Marketers are moving in greater numbers to newer media such as location-based applications and viral video, according to a survey from the Association of National Advertisers released in July. 34% of respondents said they had either used mobile marketing for less than a year (17%) or plan to use the platform next year (17%), while 29% have either recently adopted (10%) or plan to soon adopt (19%) location-based apps and 24% say the same about viral video. Interestingly, some more mature platforms show up high on the list: 17% of respondents aren’t yet using blogs but plan to next year, while 12% say the same about podcasts, and 11% about RSS feeds.
Of note, while 17% of respondents plan to use mobile marketing in the next year, current usage appears to have plateaued, at 74% of respondents (down from 75% in 2011). Similarly, use of social networks/social media appears to have reached its peak, at 90% this year, compared to 89% last year. Both mobile and social media had seen significant gains between 2010 and 2011.
Conversely, use of viral video continues to rise, up from 64% last year to 80% this year.
ROI, Metrics Top Concerns
Marketers rated their key concerns about newer media platforms on a scale of 1 to 10, and the depth of those concerns is up significantly, in almost all areas. Inability to prove return on investment (ROI) was the top concern in both 2011 and 2012, but leaped 21% points to 62% this year rating this concern a top-3 box score.
Having metrics to properly allocate the mix of traditional and digital media is second this year, at 53%, up from 30% last year. A lack of understanding of digital media by key people at the company tied for second place at 53%, up from 32% in 2011. Some other key concerns and their 2011/2012 ratings include: reluctance to move funds from tried and true practices (32%/47%); organizational silos impeding focused enterprise-wide approach (36%/47%); and lack of experience with newer media platforms (18%/37%). Only senior management pushback remained relatively steady, at 39% this year (compared to 38% last year).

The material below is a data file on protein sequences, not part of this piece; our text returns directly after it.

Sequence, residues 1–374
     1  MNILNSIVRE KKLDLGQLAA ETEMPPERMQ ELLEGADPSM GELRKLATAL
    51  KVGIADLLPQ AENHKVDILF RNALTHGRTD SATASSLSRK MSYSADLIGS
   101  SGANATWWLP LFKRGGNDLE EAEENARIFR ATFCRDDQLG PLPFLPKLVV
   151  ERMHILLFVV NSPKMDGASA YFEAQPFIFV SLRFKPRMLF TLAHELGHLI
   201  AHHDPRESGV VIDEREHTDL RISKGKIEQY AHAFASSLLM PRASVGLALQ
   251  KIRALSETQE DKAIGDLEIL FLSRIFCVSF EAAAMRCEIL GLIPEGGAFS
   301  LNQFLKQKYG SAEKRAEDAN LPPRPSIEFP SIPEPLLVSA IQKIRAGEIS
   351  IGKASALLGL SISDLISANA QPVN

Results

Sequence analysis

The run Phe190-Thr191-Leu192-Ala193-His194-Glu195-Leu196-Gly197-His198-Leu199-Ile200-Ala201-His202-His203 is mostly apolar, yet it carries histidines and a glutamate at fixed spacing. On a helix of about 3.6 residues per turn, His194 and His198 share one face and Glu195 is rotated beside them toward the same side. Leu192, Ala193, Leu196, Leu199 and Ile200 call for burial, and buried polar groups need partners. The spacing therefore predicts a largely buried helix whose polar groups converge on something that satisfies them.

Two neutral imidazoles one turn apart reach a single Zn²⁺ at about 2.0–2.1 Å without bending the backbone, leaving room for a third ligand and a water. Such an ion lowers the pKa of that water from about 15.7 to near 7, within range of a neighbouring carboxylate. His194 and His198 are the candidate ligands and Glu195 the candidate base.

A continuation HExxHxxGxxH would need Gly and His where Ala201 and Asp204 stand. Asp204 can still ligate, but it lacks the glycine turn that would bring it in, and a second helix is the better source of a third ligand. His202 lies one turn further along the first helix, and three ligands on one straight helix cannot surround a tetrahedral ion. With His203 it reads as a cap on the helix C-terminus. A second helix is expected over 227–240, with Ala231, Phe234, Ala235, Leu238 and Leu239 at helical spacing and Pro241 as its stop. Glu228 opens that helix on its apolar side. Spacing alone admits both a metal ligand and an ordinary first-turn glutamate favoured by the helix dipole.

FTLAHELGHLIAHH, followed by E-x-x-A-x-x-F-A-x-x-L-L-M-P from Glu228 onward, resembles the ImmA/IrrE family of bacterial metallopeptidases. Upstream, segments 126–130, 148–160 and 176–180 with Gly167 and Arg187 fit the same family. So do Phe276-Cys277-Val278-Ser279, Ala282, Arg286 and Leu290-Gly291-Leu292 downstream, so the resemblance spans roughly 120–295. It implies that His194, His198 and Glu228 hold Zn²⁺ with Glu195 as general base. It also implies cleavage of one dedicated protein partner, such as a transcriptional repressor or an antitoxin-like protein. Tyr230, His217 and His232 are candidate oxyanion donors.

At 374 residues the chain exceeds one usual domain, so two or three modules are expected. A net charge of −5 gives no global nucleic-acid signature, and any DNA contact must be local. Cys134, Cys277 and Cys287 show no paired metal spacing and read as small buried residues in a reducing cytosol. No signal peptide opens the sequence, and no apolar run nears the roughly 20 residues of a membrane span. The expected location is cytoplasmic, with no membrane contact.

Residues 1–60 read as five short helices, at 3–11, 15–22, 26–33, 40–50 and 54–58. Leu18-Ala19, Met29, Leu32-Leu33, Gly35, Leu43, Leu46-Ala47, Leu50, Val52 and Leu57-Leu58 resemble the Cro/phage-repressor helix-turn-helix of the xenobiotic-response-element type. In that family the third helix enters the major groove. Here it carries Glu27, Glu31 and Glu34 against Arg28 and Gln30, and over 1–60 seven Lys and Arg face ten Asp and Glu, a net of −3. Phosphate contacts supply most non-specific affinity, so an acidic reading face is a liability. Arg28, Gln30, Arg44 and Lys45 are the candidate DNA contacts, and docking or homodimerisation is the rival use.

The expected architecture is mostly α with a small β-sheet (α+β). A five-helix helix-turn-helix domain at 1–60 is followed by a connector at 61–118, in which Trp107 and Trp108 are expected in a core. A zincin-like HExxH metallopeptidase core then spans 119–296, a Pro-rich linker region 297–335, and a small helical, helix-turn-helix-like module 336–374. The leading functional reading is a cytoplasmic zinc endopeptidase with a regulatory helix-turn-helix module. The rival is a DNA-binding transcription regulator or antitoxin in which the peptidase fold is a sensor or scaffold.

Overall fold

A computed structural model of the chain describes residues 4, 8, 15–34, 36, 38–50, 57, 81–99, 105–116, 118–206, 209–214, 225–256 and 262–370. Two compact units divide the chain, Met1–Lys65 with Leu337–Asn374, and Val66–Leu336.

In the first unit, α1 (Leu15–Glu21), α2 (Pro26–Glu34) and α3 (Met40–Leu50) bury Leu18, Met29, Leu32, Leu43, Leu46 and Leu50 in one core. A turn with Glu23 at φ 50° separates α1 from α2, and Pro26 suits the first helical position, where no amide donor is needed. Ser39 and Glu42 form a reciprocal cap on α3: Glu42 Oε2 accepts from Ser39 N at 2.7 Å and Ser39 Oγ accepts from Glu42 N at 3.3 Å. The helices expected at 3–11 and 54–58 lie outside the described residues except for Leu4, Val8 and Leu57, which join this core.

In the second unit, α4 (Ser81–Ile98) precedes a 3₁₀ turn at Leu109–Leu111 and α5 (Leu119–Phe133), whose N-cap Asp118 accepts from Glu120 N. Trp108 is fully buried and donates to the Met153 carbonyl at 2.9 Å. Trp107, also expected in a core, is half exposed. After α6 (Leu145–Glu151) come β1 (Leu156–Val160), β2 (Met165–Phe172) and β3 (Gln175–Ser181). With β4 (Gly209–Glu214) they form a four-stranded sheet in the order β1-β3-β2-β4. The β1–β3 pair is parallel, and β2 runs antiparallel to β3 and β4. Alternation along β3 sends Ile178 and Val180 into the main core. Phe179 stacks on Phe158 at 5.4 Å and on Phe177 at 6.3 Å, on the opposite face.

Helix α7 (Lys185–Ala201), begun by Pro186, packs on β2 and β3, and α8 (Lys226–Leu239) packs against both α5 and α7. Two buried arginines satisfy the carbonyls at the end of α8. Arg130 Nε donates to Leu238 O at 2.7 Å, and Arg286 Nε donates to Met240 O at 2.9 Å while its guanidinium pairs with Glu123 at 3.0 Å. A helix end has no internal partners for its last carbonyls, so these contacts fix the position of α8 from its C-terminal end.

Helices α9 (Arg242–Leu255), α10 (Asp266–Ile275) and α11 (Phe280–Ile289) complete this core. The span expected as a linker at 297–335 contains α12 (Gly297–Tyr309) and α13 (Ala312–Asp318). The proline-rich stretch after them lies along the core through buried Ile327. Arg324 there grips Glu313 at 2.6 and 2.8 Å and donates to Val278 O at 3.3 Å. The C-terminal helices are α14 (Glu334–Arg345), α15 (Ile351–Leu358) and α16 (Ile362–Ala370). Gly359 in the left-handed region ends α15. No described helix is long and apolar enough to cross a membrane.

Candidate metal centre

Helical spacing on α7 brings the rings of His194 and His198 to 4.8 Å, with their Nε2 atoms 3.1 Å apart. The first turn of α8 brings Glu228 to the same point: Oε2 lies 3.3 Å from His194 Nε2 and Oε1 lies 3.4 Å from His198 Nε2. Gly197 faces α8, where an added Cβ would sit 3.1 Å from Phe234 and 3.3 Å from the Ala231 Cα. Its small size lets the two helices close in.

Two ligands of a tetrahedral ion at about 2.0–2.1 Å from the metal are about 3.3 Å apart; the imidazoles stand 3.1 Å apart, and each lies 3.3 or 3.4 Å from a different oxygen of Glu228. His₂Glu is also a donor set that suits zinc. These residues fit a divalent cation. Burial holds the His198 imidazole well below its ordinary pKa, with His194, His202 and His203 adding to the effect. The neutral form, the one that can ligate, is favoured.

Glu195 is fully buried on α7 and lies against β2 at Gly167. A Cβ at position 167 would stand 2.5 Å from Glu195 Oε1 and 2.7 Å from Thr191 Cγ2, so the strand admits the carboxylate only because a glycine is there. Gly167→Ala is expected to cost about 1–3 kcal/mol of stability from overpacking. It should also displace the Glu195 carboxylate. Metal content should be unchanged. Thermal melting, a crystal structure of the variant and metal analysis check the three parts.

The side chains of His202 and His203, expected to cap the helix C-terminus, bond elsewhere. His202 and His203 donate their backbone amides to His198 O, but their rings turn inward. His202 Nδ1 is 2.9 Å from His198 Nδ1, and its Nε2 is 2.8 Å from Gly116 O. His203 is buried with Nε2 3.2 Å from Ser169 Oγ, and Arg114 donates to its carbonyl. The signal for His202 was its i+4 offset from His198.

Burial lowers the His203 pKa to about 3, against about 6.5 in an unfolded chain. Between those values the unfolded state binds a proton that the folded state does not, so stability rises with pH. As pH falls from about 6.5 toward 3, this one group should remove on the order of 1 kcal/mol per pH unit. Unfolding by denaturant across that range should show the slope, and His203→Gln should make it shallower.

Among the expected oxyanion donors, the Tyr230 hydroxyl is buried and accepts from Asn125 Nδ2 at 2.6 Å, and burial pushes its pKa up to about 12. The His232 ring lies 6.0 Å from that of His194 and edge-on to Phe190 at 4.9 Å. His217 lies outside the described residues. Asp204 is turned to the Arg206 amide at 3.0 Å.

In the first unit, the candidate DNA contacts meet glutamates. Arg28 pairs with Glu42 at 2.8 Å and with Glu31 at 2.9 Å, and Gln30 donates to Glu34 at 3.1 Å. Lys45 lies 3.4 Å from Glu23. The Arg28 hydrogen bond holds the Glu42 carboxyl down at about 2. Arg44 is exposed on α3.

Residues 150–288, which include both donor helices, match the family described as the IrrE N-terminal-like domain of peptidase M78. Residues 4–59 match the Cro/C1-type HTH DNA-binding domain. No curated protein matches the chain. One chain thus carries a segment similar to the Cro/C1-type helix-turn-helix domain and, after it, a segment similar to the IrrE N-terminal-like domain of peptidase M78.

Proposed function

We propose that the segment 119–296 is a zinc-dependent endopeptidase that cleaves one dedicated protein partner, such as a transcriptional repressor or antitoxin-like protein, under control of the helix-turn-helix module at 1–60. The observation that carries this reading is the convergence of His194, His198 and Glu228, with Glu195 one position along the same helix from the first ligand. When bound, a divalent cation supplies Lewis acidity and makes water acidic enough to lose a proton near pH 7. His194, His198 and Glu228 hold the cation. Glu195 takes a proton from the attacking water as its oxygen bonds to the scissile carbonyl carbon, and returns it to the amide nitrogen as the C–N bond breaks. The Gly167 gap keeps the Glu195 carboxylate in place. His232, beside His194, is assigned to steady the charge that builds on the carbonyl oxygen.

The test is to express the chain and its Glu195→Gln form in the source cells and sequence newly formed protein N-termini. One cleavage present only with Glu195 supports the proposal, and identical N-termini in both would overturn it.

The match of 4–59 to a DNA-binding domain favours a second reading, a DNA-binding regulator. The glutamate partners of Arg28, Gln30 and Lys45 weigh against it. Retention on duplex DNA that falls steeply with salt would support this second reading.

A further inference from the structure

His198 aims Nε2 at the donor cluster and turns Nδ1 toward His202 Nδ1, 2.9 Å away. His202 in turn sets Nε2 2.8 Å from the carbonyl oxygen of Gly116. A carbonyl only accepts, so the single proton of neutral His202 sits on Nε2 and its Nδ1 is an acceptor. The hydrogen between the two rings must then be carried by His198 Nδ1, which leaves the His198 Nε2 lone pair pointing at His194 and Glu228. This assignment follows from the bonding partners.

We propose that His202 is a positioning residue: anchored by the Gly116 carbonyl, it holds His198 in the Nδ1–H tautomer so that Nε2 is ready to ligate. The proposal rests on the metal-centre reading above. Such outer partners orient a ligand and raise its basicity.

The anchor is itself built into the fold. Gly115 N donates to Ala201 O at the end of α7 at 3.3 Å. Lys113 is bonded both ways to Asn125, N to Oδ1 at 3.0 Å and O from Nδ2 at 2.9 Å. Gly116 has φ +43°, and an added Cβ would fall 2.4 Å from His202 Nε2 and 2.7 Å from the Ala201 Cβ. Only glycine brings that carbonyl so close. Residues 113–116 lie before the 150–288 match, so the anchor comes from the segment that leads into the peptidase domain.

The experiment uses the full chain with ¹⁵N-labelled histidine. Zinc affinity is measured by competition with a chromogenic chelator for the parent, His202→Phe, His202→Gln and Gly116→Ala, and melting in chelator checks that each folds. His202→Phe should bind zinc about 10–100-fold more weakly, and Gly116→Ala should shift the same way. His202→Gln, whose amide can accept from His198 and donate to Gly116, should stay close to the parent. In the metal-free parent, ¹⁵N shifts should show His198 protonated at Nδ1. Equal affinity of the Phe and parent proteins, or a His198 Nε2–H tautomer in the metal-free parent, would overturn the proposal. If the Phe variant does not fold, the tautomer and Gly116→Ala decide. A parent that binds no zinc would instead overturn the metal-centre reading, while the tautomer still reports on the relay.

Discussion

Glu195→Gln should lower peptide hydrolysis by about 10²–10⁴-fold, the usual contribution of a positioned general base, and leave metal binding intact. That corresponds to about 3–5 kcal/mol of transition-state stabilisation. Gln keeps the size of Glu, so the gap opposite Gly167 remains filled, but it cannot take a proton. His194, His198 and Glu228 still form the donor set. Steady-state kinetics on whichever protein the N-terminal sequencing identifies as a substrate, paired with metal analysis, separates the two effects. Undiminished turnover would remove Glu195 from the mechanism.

Some items new to the list are privacy issues (36%), security issues (35%), and overflow of data in the cloud (17%).
The appearance of ROI at the top of the list of concerns is not a surprise, as other research has also found marketers to be having difficulty measuring the ROI of new media.
Social Media Monitoring Duties Split
Meanwhile, according to the ANA survey, roughly one-quarter of respondents monitoring social media say they outsource this activity completely, down from 33% last year. But that does not mean companies have taken the responsibility completely in-house: the proportion of these respondents doing their own monitoring fully in-house remains fairly steady at 23% this year, compared to 21% last year. Instead, the proportion of companies that use a combination of in-house and outsourced services grew from 46% to 51%.
Among those using in-house social media monitoring, 17% of companies in 2012 have staff for whom that is a full-time responsibility, while 83% distributes that function among employees, saying it is “just part of their jobs.”
Data from the recently-released “IDC Global Technology and Industry Research Organization IT Survey, 2012” indicates that the top challenge cited in using social media tools across all sectors studied is managing and keeping track of all the posted content. These respondents were also concerned about ROI, as well as justifying the expense of social software.
About The Data: The ANA conducted a survey online during April and May of 2012 to address ANA members’ questions relating to digital/social media marketing. In total, 224 client-side marketers are represented in the survey. Participants included members of the ANA survey community who are periodically surveyed on a range of timely, industry-related topics. Respondents to the survey had an average of 13 years of experience in marketing.